Smoking is the biggest risk factor for non-AIDS-defining cancers in people living with HIV

Theo Smart
Original Article: 

Smoking appears to contribute most to the burden of non-AIDS-defining cancers diagnosed in people living with HIV in the US, out of all the potential modifiable risk factors – including hepatitis B or C, low CD4 cell count, an AIDS diagnosis or having an unsuppressed viral load – according to a study reported last week at the Conference on Retroviruses and Opportunistic Infections (CROI 2015) in Seattle, USA.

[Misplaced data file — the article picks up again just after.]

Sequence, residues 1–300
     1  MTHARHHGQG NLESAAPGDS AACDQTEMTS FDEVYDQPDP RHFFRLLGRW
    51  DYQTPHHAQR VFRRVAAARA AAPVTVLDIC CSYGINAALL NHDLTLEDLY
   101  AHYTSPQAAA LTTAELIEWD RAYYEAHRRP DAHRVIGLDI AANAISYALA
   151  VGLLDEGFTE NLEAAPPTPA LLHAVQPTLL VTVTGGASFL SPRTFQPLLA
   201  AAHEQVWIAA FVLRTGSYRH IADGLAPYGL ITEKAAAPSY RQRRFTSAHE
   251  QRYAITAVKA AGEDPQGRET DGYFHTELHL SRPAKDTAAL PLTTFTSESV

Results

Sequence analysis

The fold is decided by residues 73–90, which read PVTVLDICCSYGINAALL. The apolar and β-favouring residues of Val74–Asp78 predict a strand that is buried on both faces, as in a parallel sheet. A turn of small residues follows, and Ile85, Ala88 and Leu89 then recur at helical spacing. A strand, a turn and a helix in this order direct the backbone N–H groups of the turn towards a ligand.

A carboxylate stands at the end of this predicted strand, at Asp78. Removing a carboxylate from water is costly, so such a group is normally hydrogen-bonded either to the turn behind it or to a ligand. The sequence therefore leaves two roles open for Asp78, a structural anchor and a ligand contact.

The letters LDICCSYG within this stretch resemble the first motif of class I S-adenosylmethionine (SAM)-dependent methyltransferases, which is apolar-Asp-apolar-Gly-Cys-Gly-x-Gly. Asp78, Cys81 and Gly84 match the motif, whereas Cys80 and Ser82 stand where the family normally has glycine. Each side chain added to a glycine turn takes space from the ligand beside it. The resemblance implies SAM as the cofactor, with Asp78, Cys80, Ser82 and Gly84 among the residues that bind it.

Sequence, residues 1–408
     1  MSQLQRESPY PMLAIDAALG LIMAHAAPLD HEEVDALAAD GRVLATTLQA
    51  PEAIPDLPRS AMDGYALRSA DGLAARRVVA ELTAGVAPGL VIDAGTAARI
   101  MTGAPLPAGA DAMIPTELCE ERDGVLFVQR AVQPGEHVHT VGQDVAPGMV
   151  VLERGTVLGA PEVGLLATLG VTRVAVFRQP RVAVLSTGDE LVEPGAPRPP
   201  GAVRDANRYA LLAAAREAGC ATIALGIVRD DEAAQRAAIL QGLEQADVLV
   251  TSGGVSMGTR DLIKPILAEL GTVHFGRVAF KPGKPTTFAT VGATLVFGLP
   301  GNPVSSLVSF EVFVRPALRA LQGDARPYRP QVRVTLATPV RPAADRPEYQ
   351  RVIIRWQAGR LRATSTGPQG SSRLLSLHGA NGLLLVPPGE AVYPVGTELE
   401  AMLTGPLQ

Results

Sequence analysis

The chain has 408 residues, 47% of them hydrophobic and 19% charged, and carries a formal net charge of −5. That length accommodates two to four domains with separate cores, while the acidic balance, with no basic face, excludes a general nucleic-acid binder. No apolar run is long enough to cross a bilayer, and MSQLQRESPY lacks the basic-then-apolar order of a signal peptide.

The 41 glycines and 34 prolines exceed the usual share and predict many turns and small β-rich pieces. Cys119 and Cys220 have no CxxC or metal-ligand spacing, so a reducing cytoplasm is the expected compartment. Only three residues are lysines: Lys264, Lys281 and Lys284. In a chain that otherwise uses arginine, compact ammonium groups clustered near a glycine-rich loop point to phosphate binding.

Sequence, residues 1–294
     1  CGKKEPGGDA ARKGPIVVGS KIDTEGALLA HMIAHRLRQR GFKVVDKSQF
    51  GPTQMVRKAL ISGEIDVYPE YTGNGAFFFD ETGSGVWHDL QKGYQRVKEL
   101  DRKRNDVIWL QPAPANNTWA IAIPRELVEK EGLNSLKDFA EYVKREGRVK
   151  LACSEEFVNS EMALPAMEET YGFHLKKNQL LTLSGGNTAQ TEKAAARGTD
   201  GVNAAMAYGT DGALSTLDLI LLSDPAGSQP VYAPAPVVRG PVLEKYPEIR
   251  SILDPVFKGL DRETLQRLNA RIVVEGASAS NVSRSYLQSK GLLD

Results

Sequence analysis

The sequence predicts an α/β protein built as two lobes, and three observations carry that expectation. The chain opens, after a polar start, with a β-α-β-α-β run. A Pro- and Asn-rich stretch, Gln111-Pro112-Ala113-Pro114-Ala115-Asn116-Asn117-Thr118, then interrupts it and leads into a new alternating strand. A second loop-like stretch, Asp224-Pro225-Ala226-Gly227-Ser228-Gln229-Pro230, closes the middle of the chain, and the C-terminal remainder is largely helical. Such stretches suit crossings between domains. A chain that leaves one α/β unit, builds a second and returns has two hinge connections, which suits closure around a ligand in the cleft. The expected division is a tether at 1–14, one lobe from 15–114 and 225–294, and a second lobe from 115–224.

The study, presented by Keri Althoff of Johns Hopkins Bloomberg School of Public Health, found that the population attributable fraction (PAF) – or the proportion of non-AIDS cancer cases that could be avoided by people with HIV if they had the same level of smoking as the reference population – was 37% for all non-AIDS cancers and 29% if lung cancer was excluded.

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